On Becoming Two Very Different Monsters

In my storyteller’s version of Beowulf, Grendel doesn’t speak, but his mother does. As descendants of Cain and the last two forest demons of their kind, they represent all that was terrifying to humans in the medieval darkness. Forests were always thick and close back then, and no electricity lit the earth. Let’s hope those times don’t return.

Robert Zemeckis, in his animated 2007 film version of Beowulf, made Grendel a multicolored, hairless giant. Straying even further from the original story, Zemeckis presented Grendel’s Mother as a sexy Angelina Jolie with smooth golden skin, naked most of the time. Both Grendel and his mother spoke words.

For my version, I’ve gone a more traditional route and followed the basic Beowulf text, imagining Grendel as giant wolf on two legs who can roar, and that’s about it. His mother is a female version of this species of ancient forest demon, covered with fur and just as big. She speaks in a terrifying shrill voice. There’s nothing sexy about her.

Tasked as I am to create voice characterizations for my tales, I spent considerable time exploring my lowest, most guttural vocal register for Grendel. What he emotes is roaring fury. Unbridled, explosive fury. He possesses cruel confidence, both in his invulnerability—he has magic, blade-resistant fur—and in his ability to kill, at least until he meets Beowulf in the mead hall. His persona takes a lot of energy to create. I dread to think what I look like when I enact him.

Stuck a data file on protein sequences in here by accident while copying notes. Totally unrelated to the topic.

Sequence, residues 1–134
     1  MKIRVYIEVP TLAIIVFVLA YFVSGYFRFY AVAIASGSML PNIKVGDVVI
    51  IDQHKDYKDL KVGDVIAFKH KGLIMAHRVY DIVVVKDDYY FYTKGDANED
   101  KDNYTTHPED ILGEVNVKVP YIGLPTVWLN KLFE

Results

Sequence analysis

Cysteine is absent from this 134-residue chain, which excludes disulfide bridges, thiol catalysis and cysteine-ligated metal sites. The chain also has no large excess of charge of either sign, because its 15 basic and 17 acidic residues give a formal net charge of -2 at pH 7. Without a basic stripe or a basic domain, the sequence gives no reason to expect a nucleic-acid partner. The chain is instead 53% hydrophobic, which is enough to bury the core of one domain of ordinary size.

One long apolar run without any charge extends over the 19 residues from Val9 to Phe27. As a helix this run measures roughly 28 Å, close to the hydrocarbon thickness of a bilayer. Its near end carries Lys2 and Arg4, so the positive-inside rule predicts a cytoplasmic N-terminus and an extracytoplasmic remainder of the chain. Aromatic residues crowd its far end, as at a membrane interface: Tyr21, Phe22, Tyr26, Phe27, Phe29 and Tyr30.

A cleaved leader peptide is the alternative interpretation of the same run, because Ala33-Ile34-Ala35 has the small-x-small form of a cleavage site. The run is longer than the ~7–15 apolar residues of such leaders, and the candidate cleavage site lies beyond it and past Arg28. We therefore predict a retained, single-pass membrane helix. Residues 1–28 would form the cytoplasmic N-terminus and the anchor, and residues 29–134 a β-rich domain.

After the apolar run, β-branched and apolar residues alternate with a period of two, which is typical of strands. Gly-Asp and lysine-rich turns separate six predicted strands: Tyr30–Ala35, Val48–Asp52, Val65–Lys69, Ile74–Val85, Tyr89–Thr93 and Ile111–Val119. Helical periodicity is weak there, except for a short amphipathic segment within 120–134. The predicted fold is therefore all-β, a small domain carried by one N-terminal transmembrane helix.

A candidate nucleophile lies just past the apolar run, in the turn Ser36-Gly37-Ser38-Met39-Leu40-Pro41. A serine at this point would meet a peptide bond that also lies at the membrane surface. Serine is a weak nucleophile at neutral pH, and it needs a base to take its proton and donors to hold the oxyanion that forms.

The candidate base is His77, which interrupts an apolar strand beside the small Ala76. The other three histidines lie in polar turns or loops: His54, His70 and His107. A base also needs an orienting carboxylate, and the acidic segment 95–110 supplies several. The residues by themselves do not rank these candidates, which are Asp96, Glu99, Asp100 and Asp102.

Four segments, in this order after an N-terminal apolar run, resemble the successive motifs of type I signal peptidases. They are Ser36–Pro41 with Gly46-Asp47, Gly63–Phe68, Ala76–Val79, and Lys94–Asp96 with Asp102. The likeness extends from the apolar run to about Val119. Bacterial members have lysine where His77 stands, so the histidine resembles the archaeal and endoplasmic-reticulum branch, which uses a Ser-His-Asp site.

I don’t watch myself do these things. I just work in my trance.

Grendel’s screechy, crafty mother, on the other hand, is signaled by a rapidamente motif on 12-string guitar and her heavy running footfalls. “Killer has a sword,” she thinks in her underwater cave as Beowulf sinks down toward her, “what kind of sword?” If a blade is giant-made, she fears it. Human-made blades cannot cut her. Instead, they vaporize, something Beowulf discovers to his horror when he tries to cut off her head, and it doesn’t work.

Two very different monsters. Two very different voices.

There are plenty of other character voices in Beowulf: The Only One, including Beowulf, Hrothgar the King and various thanes.

 

 

Odds Bodkin

Beowulf: The Only One

An Adult Storytelling on Zoom

Sunday, Feb. 28 at 5 pm EST

Tickets: $25

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